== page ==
Stories you shouldn’t miss:
1. Standard and Poor’s decision to downgrade the country’s credit rating for long-term debt has led to a predictable round of finger-pointing in Washington that could result in yet another downgrade if it continues. S&P cited the inability of Democrats and Republicans to reach compromise on the debt-ceiling deal as a major reason for why the company downgraded the nation’s credit rating. But Democrats and Republicans are already blaming each other for the downgrade, and a grand compromise seems unlikely as the GOP continues to insist that it will not agree to tax increases to help lower the country’s debt.
2. The downgrade, meanwhile, does not appear to be affecting the nation’s economy — at least not in the way economists would expect. Paul Krugman notes in The New York Times that investors have been buying more US debt since the downgrade happened, further driving down the interest rate on treasuries. The downgrade, however, was supposed to have the opposite effect — the driving up of interest rates. The stock market, meanwhile, is down, but Krugman attributes that to continued high unemployment and the general weakness of the economy.
4. Brown’s two Oakland charter schools, however, don’t have much to worry about in terms of state budget cuts thanks to all of the money the governor has been collecting on their behalf. The Los Angeles Times gives a rundown today on the $2.5 million that the governor has collected in donations this year alone for his arts and military charter schools in Oakland from special interests seeking to influence his office.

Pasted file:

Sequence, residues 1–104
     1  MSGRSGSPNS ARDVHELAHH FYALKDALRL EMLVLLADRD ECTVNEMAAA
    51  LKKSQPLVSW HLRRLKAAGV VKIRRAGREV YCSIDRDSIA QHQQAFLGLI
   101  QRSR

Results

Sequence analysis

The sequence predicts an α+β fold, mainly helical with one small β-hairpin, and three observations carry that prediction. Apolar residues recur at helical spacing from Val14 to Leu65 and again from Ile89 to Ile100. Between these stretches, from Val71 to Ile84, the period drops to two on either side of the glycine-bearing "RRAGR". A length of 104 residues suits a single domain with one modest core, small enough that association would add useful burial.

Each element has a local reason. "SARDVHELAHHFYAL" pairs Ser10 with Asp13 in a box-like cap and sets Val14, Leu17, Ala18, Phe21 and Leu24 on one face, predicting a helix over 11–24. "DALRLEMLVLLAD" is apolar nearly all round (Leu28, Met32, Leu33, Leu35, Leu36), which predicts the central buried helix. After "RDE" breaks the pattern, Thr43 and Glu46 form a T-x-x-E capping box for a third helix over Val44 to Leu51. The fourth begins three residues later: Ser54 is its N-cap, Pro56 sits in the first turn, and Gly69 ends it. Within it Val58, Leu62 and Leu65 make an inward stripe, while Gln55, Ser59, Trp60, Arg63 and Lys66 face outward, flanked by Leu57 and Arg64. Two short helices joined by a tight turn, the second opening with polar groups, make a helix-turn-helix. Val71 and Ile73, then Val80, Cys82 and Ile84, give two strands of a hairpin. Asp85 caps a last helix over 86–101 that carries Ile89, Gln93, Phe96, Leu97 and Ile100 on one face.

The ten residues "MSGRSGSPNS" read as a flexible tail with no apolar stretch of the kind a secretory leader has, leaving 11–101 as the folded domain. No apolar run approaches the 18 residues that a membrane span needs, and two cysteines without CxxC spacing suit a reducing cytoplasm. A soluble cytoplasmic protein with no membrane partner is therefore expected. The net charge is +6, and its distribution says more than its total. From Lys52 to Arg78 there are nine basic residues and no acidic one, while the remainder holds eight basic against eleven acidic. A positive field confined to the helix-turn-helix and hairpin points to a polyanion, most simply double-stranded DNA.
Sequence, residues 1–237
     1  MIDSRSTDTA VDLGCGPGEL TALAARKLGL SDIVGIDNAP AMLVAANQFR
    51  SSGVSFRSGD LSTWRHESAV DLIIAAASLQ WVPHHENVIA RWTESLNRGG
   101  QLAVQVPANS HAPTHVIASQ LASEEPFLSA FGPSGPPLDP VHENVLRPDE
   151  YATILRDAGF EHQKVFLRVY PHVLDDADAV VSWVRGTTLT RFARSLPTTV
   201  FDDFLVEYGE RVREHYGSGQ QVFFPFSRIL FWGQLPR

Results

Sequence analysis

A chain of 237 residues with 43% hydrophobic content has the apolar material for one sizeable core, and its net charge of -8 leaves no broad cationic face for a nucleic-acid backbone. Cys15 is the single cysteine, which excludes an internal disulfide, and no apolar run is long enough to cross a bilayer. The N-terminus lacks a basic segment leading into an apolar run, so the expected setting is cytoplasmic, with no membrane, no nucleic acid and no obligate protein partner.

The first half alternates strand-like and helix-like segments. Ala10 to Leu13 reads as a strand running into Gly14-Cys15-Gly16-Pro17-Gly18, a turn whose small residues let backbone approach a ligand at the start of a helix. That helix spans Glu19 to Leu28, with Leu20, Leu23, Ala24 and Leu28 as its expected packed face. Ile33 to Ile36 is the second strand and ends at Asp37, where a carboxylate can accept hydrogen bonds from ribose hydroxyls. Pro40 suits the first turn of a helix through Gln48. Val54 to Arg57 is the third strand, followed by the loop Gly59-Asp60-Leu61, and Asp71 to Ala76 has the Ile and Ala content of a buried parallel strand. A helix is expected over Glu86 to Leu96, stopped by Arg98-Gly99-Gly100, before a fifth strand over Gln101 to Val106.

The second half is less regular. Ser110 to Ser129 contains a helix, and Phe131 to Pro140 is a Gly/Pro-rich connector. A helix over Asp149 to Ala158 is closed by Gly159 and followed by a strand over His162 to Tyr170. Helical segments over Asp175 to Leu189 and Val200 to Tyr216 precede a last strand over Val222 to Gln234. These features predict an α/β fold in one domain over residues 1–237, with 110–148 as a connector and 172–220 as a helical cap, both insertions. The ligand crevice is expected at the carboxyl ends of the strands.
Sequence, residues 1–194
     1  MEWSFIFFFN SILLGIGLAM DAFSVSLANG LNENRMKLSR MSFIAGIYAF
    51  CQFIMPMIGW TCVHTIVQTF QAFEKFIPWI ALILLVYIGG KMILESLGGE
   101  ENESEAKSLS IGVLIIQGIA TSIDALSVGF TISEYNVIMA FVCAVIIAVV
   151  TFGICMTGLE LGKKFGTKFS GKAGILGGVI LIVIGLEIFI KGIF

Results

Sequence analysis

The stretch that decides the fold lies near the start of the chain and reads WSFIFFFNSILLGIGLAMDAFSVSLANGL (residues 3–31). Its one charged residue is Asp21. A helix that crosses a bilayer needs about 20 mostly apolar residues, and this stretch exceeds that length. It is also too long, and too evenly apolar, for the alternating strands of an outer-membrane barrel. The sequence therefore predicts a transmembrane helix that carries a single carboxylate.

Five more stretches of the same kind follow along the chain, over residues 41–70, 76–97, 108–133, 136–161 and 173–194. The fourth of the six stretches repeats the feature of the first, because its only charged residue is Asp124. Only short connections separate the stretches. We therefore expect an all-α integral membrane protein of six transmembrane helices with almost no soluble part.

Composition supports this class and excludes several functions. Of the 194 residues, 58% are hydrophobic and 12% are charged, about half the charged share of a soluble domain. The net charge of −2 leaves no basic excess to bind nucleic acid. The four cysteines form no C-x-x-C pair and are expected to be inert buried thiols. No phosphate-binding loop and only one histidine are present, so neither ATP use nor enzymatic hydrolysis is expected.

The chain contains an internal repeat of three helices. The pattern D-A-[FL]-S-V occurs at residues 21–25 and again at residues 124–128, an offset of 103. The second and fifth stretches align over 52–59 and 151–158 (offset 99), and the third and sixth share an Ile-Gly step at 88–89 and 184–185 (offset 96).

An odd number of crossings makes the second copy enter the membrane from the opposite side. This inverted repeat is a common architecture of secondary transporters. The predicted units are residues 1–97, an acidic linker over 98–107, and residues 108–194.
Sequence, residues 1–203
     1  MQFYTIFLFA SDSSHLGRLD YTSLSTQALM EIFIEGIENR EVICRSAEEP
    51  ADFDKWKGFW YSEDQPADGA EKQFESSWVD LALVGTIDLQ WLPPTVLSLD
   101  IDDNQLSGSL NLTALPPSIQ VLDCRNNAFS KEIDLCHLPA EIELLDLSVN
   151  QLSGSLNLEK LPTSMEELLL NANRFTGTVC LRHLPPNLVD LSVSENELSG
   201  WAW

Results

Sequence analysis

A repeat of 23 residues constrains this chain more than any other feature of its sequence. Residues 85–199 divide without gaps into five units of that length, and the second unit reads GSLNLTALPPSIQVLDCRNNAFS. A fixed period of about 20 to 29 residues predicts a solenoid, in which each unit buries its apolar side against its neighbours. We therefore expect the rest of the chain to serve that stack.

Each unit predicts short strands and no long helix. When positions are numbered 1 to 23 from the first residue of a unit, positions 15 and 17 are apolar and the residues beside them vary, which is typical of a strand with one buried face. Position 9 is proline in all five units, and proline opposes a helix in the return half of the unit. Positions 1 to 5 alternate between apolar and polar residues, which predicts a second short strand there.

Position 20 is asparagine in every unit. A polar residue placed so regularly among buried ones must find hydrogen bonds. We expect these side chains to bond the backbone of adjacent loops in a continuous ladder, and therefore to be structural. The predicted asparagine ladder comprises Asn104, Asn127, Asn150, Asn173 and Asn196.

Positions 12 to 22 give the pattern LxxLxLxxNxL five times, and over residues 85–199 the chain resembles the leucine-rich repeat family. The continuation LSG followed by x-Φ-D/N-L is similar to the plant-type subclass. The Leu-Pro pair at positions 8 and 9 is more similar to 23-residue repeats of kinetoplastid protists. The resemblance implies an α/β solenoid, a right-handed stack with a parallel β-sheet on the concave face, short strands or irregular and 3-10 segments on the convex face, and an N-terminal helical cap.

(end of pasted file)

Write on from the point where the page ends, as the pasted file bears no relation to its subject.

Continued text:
5. Brown’s plan to transfer tens of thousands of convicts from state prisons to county jails will fall short of court demands to relieve prison overcrowding, the nonpartisan Legislative Analyst’s Office says, according to the Chron. The LAO, as a result, is suggesting that Brown’s administration request a court delay in relieving prison overcrowding.
6. Cities looking to follow Vallejo’s lead and declare bankruptcy in order to slash public-employee pension costs may want to think twice. Calpensions reports that as Vallejo emerges from bankruptcy, it pension costs have not gone down, and that bankruptcy proceedings cost the city about $10 million in legal bills.
7. And the Chron today analyzes the current myth being pushed by the Tea Party that nearly half of Americans don’t pay taxes. That Big Lie, of course, overlooks the fact that there’s a good reason for why many Americans don’t pay federal income taxes — they’re too poor. The Big Lie also omits the fact that poverty stricken Americans still pay payroll taxes, sales taxes, and other taxes.